All that most football managers really want for Christmas is a promising young player to emerge as an established star in the coming year.
As the game becomes more and more global and the wealth of the bigger clubs increases, so too do the scouting networks of these clubs which now extend to every continent and footballing corner of the planet. Is it too far a stretch of the imagination to expect that in the coming years the big clubs will vie to buy a seat for their leading scout on future space missions in the hope of being the first to sign the best talent, should life be discovered elsewhere?
And consider the gene potential of the baby Sergio Aguero’s girlfriend (Maradona’s daughter) is carrying, pending its arrival in February next year. While the child is undoubtedly a bit late to get onto my list for 2009, it wouldn’t surprise me at all to hear that Arsene Wenger has the Arsenal lawyers burning the midnight oil in an attempt to find a legal instrument by which he can contract with an embryo!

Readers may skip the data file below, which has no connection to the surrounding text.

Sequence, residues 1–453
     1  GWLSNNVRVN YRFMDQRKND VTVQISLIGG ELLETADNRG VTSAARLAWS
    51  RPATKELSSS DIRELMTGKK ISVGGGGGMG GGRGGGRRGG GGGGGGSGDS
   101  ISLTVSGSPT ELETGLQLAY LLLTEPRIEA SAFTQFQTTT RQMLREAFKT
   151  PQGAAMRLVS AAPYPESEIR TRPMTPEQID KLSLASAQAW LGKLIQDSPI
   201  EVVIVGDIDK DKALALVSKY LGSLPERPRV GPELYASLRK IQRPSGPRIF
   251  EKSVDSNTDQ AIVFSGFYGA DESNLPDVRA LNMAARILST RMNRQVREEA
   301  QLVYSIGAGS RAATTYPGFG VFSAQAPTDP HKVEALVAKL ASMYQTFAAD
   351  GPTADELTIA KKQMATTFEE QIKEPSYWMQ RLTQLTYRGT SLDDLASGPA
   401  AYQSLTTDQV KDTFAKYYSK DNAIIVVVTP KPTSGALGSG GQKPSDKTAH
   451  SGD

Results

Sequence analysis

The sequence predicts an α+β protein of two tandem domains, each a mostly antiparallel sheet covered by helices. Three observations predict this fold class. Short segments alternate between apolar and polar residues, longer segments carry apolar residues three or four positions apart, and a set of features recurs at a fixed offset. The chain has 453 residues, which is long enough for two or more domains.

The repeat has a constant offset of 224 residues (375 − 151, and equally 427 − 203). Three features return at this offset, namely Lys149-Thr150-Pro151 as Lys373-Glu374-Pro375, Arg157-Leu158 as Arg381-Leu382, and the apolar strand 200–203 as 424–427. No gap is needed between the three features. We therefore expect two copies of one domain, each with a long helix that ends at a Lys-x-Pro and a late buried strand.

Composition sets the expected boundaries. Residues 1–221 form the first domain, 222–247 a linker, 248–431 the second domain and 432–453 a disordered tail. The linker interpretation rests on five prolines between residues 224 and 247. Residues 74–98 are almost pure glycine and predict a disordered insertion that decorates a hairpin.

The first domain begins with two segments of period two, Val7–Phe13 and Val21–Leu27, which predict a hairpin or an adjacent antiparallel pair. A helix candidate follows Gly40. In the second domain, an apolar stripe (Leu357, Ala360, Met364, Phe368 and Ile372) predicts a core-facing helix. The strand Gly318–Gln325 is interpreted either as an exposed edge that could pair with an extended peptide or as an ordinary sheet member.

But enough farce! With the expansion of the scouting networks we have become used to the almost weekly arrival at one or other of the big European clubs of the next Pele, Maradona, Best, Ronaldo (either version) etc. etc. With clubs bringing players into academies as soon as they are weaned and offering significant incentives to mere 14 and 15 year-olds, forecasting the next superstar has almost become a sport in its own right.
If you peruse the football press, websites and blogs, and I know you do, then you will be very familiar with the many lists of impending superstars published each year. Of course the formats vary and while most are interesting, others can be vaguely irritating.